I hate to be negative. Well, maybe not. When it comes to horse racing, there’s always more negatives
than positives to write about, and that’s certainly the case during these blah post-Breeders’ Cup days.
---Try as the suits and ties seek to put a spin on it, racetrack business is down across the board.
The latest clue: Notably, after years of slots-spurred prosperity, Delaware Park this week reported
major declines across the board for its 2003 season, which closed last weekend.
Years back, Delaware Park was one of the most exciting racing venues in the land, especially on
big-race days. Then everything went wrong, and the track was on the brink of extinction until the slots
came in. But even with slots, you’ll be hard-pressed to find 50 people in the Delaware stands on an
average weekday, and the average on-track race handle is about $5,000.
Meanwhile, it’s SRO down the carpeted hall at the slots.
Of course, years back, one of the great racing days consisted of spending an afternoon at Delaware
Park, followed by an evening at the nearby Brandywine harness track. That is until Brandywine went
belly-up in the ‘80s.
---The attendance for last Saturday’s California Cup at Santa Anita was 18,029. That sounds pretty good
in this day and age, but actually it’s an all-time low for Cup Day, and it prompted management to consider
moving the CC to October next year, two weeks before the Breeders’ Cup at Lone Star.
“The California Cup was a major disappointment,” said a Santa Anita official, “especially considering we
did more advertising than ever before.”
Maybe I’m wrong, but I believe that California racing really misses the great jockey colony of
yesterday – the Shoemakers, the Pincays, the Delahoussayes and the McCarrons. Notwithstanding
Ms. Krone, the current California jockey colony lacks that buzz.
I don’t think I’ve ever heard anyone say, “…let’s get out to the track today. Fogelsonger’s on a hot one.”
---It was reported this week that Magna, which runs Santa Anita and Gulfstream Park, et al., lost $15.4
million in the third quarter, prompting the firing of three major officials. One of the three was vice president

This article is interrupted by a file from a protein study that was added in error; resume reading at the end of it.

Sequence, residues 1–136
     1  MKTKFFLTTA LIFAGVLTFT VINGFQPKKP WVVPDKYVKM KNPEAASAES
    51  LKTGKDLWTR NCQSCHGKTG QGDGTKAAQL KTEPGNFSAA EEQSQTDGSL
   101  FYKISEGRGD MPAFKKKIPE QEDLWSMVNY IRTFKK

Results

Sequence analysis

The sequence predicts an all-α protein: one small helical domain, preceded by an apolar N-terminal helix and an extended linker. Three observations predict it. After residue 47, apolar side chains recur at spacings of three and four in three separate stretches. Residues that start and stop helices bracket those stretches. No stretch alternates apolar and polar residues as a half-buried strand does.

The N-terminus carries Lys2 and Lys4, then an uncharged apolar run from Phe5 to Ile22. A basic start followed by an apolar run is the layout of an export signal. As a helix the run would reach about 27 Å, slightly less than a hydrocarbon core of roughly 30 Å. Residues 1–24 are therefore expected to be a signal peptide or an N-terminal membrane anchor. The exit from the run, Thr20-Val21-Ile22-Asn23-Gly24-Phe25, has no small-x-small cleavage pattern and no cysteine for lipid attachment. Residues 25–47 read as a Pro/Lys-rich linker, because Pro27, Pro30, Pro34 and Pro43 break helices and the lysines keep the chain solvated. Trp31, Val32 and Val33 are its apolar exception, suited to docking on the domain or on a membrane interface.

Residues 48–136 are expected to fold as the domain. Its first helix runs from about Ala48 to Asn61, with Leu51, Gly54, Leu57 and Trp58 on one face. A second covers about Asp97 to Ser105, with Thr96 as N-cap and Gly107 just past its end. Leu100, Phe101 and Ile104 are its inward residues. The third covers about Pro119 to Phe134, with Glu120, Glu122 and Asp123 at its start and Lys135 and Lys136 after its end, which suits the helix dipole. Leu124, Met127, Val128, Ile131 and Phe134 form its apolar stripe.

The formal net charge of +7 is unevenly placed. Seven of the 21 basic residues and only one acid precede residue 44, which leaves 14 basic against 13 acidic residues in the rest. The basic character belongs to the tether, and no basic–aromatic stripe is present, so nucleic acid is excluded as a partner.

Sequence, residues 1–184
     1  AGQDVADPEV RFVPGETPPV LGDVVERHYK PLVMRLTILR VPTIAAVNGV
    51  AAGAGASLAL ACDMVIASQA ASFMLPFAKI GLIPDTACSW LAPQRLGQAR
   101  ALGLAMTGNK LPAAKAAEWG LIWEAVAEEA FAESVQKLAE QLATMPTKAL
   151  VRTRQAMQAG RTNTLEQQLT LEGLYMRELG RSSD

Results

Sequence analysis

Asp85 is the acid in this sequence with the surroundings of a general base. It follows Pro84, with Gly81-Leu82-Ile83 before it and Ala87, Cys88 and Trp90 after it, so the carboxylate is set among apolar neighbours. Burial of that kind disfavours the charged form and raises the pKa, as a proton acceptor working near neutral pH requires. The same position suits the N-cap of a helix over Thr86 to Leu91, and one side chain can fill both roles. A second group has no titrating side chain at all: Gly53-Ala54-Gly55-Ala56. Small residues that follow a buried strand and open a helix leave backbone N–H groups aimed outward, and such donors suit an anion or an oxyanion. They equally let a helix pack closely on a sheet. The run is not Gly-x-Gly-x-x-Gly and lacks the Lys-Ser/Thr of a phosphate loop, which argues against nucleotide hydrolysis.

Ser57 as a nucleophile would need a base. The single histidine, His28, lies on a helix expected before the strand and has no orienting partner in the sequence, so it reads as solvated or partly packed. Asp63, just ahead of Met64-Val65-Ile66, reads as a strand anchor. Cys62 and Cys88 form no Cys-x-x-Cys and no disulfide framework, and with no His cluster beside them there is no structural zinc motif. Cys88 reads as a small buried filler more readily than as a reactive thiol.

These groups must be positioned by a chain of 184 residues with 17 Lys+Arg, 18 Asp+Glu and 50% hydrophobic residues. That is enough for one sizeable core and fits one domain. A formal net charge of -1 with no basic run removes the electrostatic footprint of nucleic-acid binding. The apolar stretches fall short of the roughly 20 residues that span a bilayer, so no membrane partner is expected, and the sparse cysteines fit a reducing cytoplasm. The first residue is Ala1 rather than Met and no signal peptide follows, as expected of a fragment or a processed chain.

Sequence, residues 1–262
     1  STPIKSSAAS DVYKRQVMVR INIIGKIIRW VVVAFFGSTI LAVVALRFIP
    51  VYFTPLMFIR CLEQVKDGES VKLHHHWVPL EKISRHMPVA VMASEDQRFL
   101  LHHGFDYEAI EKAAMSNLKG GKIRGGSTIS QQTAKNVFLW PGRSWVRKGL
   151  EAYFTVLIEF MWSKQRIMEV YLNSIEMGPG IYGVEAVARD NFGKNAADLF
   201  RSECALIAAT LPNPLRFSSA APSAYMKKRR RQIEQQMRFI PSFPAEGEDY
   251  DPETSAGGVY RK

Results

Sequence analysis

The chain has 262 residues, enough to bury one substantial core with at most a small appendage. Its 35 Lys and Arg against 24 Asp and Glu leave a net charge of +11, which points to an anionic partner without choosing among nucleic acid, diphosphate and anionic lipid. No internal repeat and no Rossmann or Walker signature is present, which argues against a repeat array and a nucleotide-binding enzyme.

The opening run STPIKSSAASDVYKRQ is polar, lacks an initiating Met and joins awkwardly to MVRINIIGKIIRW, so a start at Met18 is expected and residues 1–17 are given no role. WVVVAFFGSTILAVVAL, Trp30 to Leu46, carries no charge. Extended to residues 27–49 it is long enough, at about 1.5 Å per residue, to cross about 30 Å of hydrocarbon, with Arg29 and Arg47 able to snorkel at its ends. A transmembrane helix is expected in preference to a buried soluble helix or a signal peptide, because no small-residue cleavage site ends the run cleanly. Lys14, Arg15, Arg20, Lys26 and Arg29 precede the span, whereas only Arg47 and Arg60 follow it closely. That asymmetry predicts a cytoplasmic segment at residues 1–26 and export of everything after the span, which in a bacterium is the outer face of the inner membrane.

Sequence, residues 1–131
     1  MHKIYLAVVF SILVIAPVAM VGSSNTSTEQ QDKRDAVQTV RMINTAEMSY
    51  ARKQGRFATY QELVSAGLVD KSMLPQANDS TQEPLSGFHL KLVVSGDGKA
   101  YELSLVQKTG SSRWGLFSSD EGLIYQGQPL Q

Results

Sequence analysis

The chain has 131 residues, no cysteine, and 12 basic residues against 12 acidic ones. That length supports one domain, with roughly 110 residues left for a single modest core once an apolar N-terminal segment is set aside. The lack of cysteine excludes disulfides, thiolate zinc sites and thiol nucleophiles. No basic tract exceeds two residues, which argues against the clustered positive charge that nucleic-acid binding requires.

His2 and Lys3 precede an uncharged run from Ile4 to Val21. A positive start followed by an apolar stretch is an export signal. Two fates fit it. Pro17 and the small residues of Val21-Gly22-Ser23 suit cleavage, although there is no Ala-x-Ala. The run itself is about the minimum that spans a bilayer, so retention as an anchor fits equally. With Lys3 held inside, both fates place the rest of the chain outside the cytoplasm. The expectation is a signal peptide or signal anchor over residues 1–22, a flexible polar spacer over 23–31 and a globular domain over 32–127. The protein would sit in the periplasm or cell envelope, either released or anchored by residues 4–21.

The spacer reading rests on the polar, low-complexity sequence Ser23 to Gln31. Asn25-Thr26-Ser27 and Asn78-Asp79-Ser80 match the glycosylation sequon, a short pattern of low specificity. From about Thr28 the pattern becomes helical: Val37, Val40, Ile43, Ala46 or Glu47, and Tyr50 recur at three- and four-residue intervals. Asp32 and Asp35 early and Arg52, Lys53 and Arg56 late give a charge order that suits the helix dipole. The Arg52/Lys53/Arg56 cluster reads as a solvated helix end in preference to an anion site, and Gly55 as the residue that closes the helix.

of operations John Perotta, who, back in the salad days, ran Rapid Robert Brennan’s racing empire. And
Magna’s chief operating officer recently left the company six months after being hired.
This is not a good sign.
--- Last Saturday night at Charles Town, the sixth race,a $2,500 claimer at four and a half furlongs, was
won wire-to-wire by a 15-1 shot.
Nothing unusual there. But the winning horse was named Don’t Tell the Kids. If the name sounds
familiar, it should. This is the same Don’t Tell the Kids who, in 1999, won the $200,000 Sapling Stakes
at Monmouth Park, beating one of Team Lukas’ million-dollar babies.
Good to see that Don’t the Tell Kids, at age 6, can still motor. He shaded :54.
But it’s not a good thing to see that a wonderful racehorse like this has reached rock bottom. He deserves
better. Maybe his original owners can claim him back, and find him a good home to live out his days.
If you have any suggestions along this line, please E-mail me at JDPiesen@netscape.net.
---Last week’s issue of Sports Illustrated ran a piece about its covers, breaking the covers, 2.548 in
all, down by sport.
For 25 years after SI’s inception in 1954, there were dozens of racing covers, mostly Derby winners
such as Secretariat, Genuine Risk, Seattle Slew, Affirmed, and Spectacular Bid. There were even
several jockeys who graced its cover – Bill Hartack (twice), Bill Shoemaker, Johnny Longden and
This is no surprise since, in those days, racing was considered a major sport, ranked right up there
behind the “big three” of baseball, football and basketball.
But would you believe that the last racing cover in Sports Illustrated ran 14 years ago (Julie Krone)? Not
even the 2002 pick six scandal made it!
I guess this talks volumes about the fall of racing in the mainstream media. Maybe the NTRA should take note.
---Now it’s my bad.
Last Friday, I casually mentioned that a mare named Caught in the Rain, who was to run the next day in the
Athenia Handicap at Aqueduct, is owned by a Texan named Buddy New, who, years back, was Roger
Clemens’ teammate at the University of Texas. New was the all-conference first baseman.
One thing I forgot to mention was that Caught In the Rain had a decent chance to win the Athenia. Well, she
did, in a three-horse blanket finish, and paid $31.40!
P.S. Caught In the Rain got up thanks only to an excellent ride by Richard Migliore. As always, the Mig is
flying under the radar this year, but he is riding in the best form of his career, and, starting with
Caught in the Rain, won stakes on three straight racing days at the Big A. On Tuesday, he rode a fourbagger.
What’s more remarkable is that the Mig, who suffered near-fatal injuries in a spill at Belmont Park back in
1990, continues to perform daily on a world-class level while virtually all of his riding contemporaries from the
late ‘70s and early ‘80s are long gone.
And, to this date, the Mig, who was the regular rider for the legendary Fourstardave, remains one of only two
New York riders to make the successful transition from star apprentice to star journeyman.
The other was the late Mike Venezia.
Ironically, earlier this year, Migliore won the annual Mike Venezia Award for excellence on and off the track.